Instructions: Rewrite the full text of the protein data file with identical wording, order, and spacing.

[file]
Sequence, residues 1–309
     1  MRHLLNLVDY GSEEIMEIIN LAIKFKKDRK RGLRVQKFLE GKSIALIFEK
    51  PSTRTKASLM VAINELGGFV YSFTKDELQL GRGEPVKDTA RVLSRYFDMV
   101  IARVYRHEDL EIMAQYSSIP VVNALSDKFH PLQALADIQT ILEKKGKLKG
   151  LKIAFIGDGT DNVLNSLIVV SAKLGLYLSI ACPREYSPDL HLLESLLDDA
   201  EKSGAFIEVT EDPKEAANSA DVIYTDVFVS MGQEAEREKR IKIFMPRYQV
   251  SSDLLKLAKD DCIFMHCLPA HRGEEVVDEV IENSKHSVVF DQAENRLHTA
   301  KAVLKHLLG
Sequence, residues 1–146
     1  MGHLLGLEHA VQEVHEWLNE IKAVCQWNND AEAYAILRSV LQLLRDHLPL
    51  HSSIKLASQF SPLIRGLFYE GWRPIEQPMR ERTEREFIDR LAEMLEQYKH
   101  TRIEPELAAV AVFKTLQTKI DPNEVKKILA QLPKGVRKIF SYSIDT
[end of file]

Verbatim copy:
Sequence, residues 1–309
     1  MRHLLNLVDY GSEEIMEIIN LAIKFKKDRK RGLRVQKFLE GKSIALIFEK
    51  PSTRTKASLM VAINELGGFV YSFTKDELQL GRGEPVKDTA RVLSRYFDMV
   101  IARVYRHEDL EIMAQYSSIP VVNALSDKFH PLQALADIQT ILEKKGKLKG
   151  LKIAFIGDGT DNVLNSLIVV SAKLGLYLSI ACPREYSPDL HLLESLLDDA
   201  EKSGAFIEVT EDPKEAANSA DVIYTDVFVS MGQEAEREKR IKIFMPRYQV
   251  SSDLLKLAKD DCIFMHCLPA HRGEEVVDEV IENSKHSVVF DQAENRLHTA
   301  KAVLKHLLG
Sequence, residues 1–146
     1  MGHLLGLEHA VQEVHEWLNE IKAVCQWNND AEAYAILRSV LQLLRDHLPL
    51  HSSIKLASQF SPLIRGLFYE GWRPIEQPMR ERTEREFIDR LAEMLEQYKH
   101  TRIEPELAAV AVFKTLQTKI DPNEVKKILA QLPKGVRKIF SYSIDT